How can Omega 3 Fatty Acids Improve Breast Milk Quality?

Breast Feeding Belta Folic Acid

Are you a new mother who is currently breastfeeding a baby? Do you need to improve your breast milk quality? Studies have shown that approximately 80% of American babies start out being breastfed. Many medical experts and health institutions recommend that infants be exclusively breastfed for the first six months of life.

In this article, we explain the effect of taking omega-3 fatty acids in improving the quality of breast milk and ways how you can take the right amount of omega-3s. 

Benefits of Omega-3 Fatty Acids for Breastfeeding Moms

Omega-3 fatty acids (DHA or docosahexaenoic acid) are essential nutrients crucial for both maternal and infant health. Studies revealed that the DHA status is directly linked to the length of gestation and fetal growth of the pregnant woman. For the baby, omega-3 fatty acids support brain development, attention, memory, vision, and immunological health conditions.

As an essential omega-3 fatty acid, DHA is most abundant in the brain and retina of the eye. It is also necessary for babies, especially during the first two years of a child’s development. This component is also present in breast milk. However, there are some cases that which many moms don’t have quality breast milk due to their struggles in breastfeeding properly. So, many researchers study the potential effects and benefits of taking omega-3s to improve breast milk quality.

The omega-3 fatty acid or DHA found in breast milk provides numerous health benefits for both mother and baby as they discovered in their research that taking omega-3s can actually help in increasing DHA levels in the breast milk which, in turn, can improve the overall quality of the breast milk. 

Here are some research studies about this matter:

  • Researchers found that the content of DHA in the breast milk of North American mothers tends to be lower than in many other countries. Scientists believe the reason is that mothers who eat the standard American diet (SAD) have considerably lower amounts of omega-3s than breastmilk made by women in cultures who eat more seafood.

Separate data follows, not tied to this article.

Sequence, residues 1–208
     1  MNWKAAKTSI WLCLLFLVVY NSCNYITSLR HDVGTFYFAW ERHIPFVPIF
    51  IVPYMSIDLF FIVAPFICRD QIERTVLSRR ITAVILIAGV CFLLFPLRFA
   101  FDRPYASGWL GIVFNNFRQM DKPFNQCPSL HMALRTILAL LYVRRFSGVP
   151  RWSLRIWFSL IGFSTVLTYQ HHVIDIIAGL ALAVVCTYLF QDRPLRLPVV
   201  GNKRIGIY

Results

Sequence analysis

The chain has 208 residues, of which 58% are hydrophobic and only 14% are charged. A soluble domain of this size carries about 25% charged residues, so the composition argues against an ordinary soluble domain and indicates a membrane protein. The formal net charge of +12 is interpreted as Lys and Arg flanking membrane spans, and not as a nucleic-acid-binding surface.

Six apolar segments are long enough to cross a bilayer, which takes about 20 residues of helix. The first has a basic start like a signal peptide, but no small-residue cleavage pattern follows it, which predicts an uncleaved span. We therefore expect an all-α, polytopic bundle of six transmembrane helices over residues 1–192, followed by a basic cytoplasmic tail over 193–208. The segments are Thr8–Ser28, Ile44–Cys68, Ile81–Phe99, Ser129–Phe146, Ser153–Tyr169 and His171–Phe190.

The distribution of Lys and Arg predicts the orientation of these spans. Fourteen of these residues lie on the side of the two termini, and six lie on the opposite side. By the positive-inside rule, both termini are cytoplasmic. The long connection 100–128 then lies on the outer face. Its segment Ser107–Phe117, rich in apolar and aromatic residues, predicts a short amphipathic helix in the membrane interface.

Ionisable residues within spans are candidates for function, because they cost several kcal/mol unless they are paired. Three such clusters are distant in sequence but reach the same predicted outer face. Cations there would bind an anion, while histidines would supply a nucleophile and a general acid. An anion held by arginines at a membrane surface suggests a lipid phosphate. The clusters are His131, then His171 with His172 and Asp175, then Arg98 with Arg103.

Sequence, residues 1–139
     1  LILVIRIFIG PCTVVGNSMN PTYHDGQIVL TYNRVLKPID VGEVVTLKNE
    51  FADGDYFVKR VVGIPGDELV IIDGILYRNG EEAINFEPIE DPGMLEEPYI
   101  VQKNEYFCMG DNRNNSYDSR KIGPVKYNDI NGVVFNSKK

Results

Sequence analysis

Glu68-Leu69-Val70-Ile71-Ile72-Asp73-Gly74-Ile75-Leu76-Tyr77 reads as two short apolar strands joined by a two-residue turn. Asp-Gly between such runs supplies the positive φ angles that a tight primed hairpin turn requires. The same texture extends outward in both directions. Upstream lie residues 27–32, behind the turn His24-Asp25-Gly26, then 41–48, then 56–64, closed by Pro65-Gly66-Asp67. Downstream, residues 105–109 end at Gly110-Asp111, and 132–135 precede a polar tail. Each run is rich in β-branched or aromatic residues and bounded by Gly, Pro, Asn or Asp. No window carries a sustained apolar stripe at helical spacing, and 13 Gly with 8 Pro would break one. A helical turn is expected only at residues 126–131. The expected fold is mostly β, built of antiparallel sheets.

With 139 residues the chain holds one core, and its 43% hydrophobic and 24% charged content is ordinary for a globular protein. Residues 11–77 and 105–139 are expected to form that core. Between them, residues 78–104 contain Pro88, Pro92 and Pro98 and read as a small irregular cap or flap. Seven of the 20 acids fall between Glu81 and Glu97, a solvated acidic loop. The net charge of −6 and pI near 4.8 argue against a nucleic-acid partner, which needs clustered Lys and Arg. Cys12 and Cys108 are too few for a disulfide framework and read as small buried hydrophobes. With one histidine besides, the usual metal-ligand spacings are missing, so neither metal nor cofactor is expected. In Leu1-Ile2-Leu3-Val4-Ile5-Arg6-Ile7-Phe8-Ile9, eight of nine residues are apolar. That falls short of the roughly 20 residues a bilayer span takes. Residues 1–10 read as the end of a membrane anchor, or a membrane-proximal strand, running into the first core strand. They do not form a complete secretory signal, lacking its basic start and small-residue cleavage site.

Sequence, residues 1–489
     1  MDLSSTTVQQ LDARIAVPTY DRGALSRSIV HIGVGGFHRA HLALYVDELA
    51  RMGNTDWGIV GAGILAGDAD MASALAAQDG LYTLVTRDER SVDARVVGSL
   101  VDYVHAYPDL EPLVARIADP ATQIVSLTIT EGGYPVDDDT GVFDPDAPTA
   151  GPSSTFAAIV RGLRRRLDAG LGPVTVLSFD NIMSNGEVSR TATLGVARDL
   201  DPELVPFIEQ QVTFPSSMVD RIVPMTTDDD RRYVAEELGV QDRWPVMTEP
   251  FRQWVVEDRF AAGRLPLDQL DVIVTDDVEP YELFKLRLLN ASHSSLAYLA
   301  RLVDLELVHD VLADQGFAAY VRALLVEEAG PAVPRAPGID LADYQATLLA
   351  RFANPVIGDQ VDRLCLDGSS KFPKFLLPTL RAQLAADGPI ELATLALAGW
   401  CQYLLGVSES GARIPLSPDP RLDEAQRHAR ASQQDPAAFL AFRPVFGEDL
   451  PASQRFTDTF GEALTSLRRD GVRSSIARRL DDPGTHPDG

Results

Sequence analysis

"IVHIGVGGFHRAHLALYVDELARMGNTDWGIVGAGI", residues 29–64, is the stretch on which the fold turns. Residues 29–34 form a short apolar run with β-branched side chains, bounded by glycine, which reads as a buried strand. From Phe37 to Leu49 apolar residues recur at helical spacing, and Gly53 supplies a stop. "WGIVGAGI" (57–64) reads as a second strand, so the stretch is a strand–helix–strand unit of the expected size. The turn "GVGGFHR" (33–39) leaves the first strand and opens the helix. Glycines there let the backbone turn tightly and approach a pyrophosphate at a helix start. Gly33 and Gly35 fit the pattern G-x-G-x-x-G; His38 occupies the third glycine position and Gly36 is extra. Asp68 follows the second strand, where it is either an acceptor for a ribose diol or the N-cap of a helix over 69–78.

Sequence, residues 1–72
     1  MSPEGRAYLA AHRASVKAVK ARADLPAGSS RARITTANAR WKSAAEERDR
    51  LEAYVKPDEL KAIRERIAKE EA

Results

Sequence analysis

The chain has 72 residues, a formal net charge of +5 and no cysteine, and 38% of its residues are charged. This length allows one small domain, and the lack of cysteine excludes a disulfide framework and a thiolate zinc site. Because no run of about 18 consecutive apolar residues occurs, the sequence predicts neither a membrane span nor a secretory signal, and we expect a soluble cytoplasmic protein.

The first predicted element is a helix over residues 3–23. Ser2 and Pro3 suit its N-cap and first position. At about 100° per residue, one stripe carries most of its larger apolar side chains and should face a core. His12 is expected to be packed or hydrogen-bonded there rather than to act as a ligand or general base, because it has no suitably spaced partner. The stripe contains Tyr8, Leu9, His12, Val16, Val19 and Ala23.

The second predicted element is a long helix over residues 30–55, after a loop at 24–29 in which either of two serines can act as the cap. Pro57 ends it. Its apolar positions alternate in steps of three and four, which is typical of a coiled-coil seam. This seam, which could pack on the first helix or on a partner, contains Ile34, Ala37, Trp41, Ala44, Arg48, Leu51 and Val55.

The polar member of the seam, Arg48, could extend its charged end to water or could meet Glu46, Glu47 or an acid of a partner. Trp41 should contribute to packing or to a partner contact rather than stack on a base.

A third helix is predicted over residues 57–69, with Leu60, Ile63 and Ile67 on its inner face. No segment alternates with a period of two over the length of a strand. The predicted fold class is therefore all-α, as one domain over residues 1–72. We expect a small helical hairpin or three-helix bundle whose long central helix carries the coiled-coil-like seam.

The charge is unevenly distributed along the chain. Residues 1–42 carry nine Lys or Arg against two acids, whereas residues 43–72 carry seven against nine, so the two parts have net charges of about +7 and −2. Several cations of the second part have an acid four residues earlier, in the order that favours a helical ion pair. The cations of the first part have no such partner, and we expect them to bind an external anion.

• In a 2006 study of the DHA content of breastmilk of mothers from nine countries, the DHA was highest in breastfeeding mothers in Japan and the Arctic cultures and lowest in Canada and the United States.   
  • A certain research report shows that breastfeeding mothers who take omega-3 supplements enjoy a higher content of EPA/DHA in their breast milk.  

The journal stated that having “a minimum daily DHA intake of 200 mg/day is recommended for pregnant and lactating women to support both maternal and infant health”, and it has been clearly shown that omega-3 supplementation increases mother’s milk DHA content. 

How Breastfeeding Moms Can Easily Take Omega-3s 

There are many ways breastfeeding moms can easily take adequate amounts of omega-3s. Here are the common ways to consume more omega-3s or DHA:

  1. Take a gram or 1,000 mg per day of combined EPA/DHA.
  2. Eat some portions of wild salmon, herring, mackerel, sardines, and/or tuna. 
  3. Eat nuts and seeds rich in omega-3s like chia seeds, flax seeds, and walnuts.
  4. Consume foods fortified with omega-3s like eggs, milk, soy beverages, and many others.
  5. Choose trusted brands of omega-3 supplements that contain fish oil and/or vegan algae seafood. 


Dr. Ruth Peterson, a health professional from the Center for Disease Control and Prevention, said: “Breastfeeding provides unmatched health benefits for babies and mothers. It is the clinical gold standard for infant feeding and nutrition, with breastmilk uniquely tailored to meet the health needs of a growing baby.” To improve your breast milk quality, we highly suggest that you eat foods rich in omega-3s and take some omega-3 supplements like our Sakura Omega-3 Dietary Supplement

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